|Continent||Central and Latin America|
|Date||8 Jan 2019|
This project focuses on river dolphin bycatch, specifically on estimating its frequency while working to mitigate its occurrence in the Peruvian Amazon. The use of acoustic alarms (pingers) has been shown to reduce bycatch rates of marine cetaceans.
This project proposes to build upon that progress and apply an innovative version of this technology to the urgent problem of river dolphin bycatch in Amazon net fisheries. The study is important because it will be the first of its kind in Peru to quantify river dolphin interactions with Amazon artisanal fisheries. More generally, it is valuable because it will draw attention to aquatic fauna interactions with the often-overlooked small-scale freshwater fisheries and will show that these fisheries can be effectively monitored.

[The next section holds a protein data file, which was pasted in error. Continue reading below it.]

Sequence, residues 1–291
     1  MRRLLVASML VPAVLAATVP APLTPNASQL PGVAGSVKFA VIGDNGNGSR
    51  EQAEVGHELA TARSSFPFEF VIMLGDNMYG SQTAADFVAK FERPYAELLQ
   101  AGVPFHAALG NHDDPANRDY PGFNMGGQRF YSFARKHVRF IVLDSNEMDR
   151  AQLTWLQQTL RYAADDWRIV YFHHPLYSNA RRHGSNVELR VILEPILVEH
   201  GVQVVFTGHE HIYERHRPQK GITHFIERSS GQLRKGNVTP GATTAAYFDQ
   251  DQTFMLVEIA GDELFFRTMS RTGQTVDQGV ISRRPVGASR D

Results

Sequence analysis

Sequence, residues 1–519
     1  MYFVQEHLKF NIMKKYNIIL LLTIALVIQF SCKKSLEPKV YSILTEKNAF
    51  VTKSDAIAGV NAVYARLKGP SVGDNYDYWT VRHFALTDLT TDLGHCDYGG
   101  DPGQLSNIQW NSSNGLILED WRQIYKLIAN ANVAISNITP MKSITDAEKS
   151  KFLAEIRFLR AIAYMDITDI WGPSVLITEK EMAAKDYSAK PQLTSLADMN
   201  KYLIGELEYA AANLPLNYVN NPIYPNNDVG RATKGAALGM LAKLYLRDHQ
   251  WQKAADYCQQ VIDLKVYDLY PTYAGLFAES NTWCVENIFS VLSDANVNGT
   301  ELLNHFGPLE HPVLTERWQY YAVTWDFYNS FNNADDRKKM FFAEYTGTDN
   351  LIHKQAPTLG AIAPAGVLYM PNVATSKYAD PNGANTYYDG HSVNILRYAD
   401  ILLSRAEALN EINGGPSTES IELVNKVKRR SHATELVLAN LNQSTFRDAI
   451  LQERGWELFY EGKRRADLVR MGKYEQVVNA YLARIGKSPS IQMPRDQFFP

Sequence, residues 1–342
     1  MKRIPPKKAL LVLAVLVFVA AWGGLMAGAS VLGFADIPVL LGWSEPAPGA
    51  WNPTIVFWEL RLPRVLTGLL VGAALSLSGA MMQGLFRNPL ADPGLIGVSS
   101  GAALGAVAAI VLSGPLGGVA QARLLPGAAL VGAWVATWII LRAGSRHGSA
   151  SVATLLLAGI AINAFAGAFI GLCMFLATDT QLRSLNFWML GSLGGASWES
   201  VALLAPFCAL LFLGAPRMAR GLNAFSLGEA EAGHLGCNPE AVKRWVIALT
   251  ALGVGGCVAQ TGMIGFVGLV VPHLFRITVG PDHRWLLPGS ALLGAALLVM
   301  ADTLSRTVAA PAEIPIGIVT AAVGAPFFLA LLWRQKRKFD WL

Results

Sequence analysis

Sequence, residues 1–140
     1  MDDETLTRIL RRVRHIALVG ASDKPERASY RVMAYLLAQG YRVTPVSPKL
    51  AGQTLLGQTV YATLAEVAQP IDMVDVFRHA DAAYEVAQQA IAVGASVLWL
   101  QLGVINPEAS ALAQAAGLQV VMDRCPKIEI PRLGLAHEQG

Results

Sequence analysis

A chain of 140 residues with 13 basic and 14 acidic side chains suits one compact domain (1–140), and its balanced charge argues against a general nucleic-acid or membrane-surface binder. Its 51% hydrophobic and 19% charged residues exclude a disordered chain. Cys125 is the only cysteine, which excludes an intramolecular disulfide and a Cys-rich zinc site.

We will also study river dolphins acoustically using F-Pods (portable acoustic data loggers). This will generate ethological information on both river dolphin species in addition to generating a species classification system that can be used in this and future research.
Read about Elizabeth's previous project https://www.rufford.org/projects/elizabeth_campbell_0 or for more information contact: